While markets generally settled down as the nights grew longer, there have been a few difficult days recently. Indeed, it has been a year when trends have been hard to determine and changes of direction have occurred to confuse investors. A deteriorating global economic picture and continuing concerns in the world’s trouble spots may have smothered earlier confidence, but have been insufficient to damage sentiment terminally. There is more than a little nervousness present, though.
Perhaps it is the clear co-operation between national leaders to regenerate economic progress that is keeping markets from succumbing to the indifferent news percolating through. Of course, the sheer volume of cash that has been pumped into the system by central banks may have helped sustain share values to some extent. With quantitative easing still present in many regions – and not yet fully consigned to history in America – it is still too early to determine what its withdrawal may mean for markets.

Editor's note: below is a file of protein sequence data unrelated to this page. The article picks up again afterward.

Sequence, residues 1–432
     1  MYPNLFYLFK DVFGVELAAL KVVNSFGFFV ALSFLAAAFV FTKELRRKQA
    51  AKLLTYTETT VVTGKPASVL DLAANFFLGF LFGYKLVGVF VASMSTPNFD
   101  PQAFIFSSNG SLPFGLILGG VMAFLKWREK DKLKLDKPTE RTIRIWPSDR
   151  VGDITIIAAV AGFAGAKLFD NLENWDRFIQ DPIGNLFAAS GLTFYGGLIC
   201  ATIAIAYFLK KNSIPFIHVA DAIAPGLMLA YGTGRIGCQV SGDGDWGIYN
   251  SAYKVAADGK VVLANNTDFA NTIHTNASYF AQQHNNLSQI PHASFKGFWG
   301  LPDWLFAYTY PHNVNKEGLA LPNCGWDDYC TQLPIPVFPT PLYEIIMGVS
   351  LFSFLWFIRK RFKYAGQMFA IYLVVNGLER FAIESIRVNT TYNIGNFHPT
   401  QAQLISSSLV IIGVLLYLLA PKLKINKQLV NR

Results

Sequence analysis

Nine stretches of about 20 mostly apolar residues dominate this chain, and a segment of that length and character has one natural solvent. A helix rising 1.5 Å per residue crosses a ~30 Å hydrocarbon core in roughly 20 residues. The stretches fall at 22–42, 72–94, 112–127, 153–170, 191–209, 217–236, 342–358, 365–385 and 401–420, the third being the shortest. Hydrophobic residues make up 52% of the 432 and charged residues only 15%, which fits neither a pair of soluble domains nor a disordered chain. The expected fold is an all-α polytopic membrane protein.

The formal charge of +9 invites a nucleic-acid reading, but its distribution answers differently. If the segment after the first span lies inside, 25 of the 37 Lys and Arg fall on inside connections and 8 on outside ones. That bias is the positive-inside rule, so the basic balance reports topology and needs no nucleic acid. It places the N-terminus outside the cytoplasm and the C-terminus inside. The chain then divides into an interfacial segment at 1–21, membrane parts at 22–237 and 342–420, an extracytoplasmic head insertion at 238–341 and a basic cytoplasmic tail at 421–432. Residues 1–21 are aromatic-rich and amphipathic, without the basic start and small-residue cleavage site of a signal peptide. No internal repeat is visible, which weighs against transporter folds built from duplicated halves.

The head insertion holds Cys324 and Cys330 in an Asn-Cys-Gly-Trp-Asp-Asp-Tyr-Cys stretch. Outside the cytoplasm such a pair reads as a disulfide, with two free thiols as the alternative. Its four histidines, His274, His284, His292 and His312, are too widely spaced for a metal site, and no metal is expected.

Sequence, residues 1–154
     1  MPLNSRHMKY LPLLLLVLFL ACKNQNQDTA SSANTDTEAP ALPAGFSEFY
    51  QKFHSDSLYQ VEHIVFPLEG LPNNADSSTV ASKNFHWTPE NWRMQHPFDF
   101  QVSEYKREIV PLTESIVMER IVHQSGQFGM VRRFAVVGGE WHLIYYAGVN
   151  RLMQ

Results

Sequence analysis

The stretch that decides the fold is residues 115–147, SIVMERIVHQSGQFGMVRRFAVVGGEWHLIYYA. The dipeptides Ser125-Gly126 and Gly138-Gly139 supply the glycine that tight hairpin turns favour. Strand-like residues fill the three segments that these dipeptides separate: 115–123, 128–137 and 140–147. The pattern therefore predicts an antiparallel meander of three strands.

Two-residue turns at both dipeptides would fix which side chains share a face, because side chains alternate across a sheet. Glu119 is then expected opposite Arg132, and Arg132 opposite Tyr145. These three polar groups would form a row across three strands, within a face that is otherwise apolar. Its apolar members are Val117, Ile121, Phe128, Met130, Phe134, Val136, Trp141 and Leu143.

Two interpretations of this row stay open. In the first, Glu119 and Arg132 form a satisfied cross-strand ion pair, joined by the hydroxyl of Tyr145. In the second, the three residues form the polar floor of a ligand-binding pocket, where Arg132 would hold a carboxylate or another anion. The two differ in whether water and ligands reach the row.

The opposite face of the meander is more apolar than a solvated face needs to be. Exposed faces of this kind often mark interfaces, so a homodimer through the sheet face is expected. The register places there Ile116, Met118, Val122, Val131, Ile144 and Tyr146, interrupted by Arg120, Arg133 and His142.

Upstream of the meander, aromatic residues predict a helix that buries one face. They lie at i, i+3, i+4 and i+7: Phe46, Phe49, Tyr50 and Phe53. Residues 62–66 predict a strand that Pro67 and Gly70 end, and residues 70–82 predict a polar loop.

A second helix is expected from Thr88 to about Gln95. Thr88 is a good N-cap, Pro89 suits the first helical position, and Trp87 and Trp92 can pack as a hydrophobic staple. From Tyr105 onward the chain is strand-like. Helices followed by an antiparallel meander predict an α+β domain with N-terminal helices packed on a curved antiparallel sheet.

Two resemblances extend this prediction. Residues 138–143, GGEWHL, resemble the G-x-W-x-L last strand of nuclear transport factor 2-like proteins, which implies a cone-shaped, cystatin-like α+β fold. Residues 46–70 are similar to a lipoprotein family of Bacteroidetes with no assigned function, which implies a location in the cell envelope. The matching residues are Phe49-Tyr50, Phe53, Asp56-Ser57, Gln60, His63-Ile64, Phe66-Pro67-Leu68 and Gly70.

Certainly, there has been evidence in the past that printing money on such a scale leads either to inflation or helps to inflate asset bubbles. These bubbles burst when access to easy money is withdrawn, as was the case in the technology boom that collapsed in the early months of 2000 when cash injected into the system to stave off the so-called millennium bug was deemed no longer to be needed. But it is deflation, rather than inflation, that causes concern today, while asset valuations have yet to achieve bubble status, except maybe in London property.
So looking ahead to the New Year leads me to believe we may be in for more of the same for some little while. Even the prospect of an interest r ate rise appears to be receding, with many now believing it will be 2016 before an increase is contemplated by the Bank of England. And there is a General Election next year. Perhaps it might be better to wait for the festive season to pass before making too many predictions.